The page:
If doing push ups on the floor is still difficult for you, you can do a modified push up on your knees instead of your toes.

Can push ups make your bones stronger?

As a bodyweight exercise, push ups help your body slow down bone degeneration. Studies have shown that any type of exercise can mitigate bone mass loss, but those that work against gravity are best in improving bone mass density.

Strong bones are also a huge benefit of jumping rope. High-impact exercises like jumping rope is another type of workout you can include in your fitness journey.

Are push ups good for posture?

Push ups strengthen your core muscles which are responsible for maintaining proper posture. Strong core muscles mean you are less likely to slouch when you’re sitting or standing.

You will notice that you’re standing taller and your back is straighter. You are also less likely to hunch because your upper back has gotten stronger.

Which push up stance should you do to target your chest muscles?

According to the Journal of Physical Therapy Science, if you want to target your chest muscles, the pectoralis minor and pectoralis major, the most effective form is a narrow stance or when your elbows are tucked to your side when you’re doing pushups. This position also helps develop your triceps for stronger arms. It also prevents rotator cuff injuries as these push ups develop strong shoulders.

Are push-ups beneficial for your abs and core?

Aside from your chest, arms, and shoulders, doing push ups also engages your entire core muscles. If you’re not engaging your ab muscles, then you do not have the correct form. You need your ab muscles engaged to keep you stable and maintain a plank position as you move up and down.

 A 2014 study revealed that suspension push ups are the best type of exercise to activate more of your abdominal muscles. Maintaining stability while suspended is harder, thus your abs work double-time to keep you in perfect form.

Can push ups help you lose weight?

On its own, push ups aren't the magic bullet if you want to lose bodyweight. However, it has been shown that those who can have greater muscular endurance on push ups (can do more repetitions) have a and a 5.6% smaller waist circumference on average.

Tracking your physical capabilities, like how many push ups you can perform in a minute, is a great way to measure performance improvement, but is going to be directly associated with improvements in physique, muscle tone, and weight loss.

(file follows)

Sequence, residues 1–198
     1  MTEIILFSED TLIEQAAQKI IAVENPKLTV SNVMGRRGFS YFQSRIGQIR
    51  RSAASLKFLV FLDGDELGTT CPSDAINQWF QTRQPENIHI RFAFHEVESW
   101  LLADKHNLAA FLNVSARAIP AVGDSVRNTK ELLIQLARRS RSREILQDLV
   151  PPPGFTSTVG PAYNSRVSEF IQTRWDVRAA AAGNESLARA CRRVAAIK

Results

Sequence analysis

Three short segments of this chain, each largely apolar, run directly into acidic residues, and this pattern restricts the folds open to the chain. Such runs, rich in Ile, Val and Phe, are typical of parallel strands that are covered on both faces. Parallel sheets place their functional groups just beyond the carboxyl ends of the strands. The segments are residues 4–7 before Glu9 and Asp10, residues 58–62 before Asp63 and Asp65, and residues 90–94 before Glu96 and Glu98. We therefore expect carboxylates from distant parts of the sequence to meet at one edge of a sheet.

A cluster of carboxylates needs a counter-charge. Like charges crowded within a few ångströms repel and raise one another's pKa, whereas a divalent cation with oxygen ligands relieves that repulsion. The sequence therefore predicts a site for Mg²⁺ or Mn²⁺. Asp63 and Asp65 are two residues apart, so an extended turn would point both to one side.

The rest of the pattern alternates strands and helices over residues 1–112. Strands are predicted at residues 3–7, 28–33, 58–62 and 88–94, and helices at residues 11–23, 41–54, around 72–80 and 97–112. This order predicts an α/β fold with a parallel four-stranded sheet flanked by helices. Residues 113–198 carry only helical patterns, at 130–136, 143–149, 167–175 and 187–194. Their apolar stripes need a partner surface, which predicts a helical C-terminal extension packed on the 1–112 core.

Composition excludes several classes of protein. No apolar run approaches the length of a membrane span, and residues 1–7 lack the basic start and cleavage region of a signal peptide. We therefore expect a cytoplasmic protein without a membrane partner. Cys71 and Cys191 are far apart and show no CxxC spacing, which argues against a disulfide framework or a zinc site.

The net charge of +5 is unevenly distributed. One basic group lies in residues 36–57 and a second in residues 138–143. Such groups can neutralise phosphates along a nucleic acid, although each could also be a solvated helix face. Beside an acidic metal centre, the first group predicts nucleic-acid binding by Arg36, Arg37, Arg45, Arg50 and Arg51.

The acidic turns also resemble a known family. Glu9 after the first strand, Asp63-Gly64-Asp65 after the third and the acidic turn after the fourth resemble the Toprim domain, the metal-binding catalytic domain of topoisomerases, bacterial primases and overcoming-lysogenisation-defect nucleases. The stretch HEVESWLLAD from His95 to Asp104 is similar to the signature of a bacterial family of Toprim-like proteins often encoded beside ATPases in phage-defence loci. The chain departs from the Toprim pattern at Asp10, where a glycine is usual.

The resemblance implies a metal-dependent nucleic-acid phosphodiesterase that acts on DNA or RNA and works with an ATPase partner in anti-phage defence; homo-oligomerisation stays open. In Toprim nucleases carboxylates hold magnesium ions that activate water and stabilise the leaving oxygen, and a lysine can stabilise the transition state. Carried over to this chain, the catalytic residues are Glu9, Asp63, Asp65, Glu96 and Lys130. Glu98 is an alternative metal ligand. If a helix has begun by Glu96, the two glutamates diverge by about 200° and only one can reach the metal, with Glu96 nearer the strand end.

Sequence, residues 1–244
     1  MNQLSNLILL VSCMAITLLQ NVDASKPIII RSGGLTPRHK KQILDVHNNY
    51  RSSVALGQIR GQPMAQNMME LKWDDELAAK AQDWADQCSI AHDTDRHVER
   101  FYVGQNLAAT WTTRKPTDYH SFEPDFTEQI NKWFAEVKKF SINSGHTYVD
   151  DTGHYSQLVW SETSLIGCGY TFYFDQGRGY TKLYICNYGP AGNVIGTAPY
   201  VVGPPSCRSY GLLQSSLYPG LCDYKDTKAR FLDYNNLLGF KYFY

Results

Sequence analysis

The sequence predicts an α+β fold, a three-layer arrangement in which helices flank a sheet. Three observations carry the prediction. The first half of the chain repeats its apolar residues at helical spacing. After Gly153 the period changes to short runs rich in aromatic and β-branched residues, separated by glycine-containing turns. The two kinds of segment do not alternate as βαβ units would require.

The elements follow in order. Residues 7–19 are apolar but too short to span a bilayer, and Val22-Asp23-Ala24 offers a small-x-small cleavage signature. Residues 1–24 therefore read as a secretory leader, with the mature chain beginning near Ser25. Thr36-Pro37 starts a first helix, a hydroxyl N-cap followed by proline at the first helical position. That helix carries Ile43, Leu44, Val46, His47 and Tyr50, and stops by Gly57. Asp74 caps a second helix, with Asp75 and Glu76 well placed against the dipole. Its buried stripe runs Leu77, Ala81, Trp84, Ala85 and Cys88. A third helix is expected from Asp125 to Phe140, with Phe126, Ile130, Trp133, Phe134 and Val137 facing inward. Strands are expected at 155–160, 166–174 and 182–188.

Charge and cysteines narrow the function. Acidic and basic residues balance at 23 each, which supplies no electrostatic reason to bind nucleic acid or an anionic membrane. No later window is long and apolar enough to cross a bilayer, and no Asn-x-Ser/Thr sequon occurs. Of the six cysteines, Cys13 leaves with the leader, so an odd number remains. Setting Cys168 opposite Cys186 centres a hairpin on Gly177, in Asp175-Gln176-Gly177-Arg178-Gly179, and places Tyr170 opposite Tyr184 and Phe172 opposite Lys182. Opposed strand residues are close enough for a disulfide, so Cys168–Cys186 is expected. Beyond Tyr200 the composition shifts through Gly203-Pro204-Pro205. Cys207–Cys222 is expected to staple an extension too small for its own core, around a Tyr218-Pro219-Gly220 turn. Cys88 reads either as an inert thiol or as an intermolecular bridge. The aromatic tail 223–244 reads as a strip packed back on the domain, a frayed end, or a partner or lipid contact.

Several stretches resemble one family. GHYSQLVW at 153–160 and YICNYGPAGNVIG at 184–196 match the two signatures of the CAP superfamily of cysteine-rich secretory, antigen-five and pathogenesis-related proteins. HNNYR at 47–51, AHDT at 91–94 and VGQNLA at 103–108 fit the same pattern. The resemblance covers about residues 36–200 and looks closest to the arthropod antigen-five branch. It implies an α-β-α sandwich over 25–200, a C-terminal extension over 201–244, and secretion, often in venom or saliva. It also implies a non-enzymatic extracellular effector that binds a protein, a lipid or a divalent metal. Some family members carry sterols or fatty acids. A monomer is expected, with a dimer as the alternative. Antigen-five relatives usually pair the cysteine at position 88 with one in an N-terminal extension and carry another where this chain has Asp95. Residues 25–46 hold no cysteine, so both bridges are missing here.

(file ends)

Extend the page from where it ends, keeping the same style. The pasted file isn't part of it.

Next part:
Push ups, or press ups, is a great form of exercise if you want to build upper body strength. Aside from that, push ups are a great addition to cardio workouts especially if you want enhanced core strength.

However, push ups are only effective if done properly. If you don’t have the proper form you can injure yourself. So before you start doing push up challenges you find on the internet, be sure you have the correct form first by consulting a fitness professional.

About RunRepeat

RunRepeat is home to numerous lab shoe reviews for fitness, sports, and even lifestyle shoes. We present all the data you need: 20+ data points on width, stackheight, breathability, durability, flexibility, softness, but also data on sizes, colorways, technologies, in an easy-to-read format. We also allow multiple shoe comparisons so you can easily pick one that best suits you.

When you’re doing push ups, you are most likely engaged in other forms for exercises as well. So you shouldn’t buy shoes for the sole purpose of push ups. Some of the shoes you can consider are CrossFit shoes and HIIT shoes. These trainers are designed with toe protection or have grooves under the forefoot to make it easier for your toes to bend when you're doing push ups.

Use of content

  • To learn more about the benefits of push ups, you can reach out to Nick Rizzo at nick@runrepeat.com. Nick is also available to do interviews.
  • Data found in this article is free to use in any online publication. We only request that you link back to this original source.





















































Nicholas Rizzo
Nicholas Rizzo
Nick combines 10+ years of experience in the health and fitness industry and a background in the sciences in his role as the Fitness Research Director. During his competitive powerlifting years his PRs have him sitting in the top 2% of bench presses (395 lbs), top 3% of squats (485 lbs) and top 6% of deadlifts (515 lbs) for his weight and age. His work has been featured on Bodybuilding.com, LiveStrong, Healthline, WebMD, WashingtonPost, and many more. Along the way, collaborating with industry leaders like Michael Yessis, Mark Rippetoe, Carlo Buzzichelli, Dave Tate, Ray Williams, and Joel Seedman.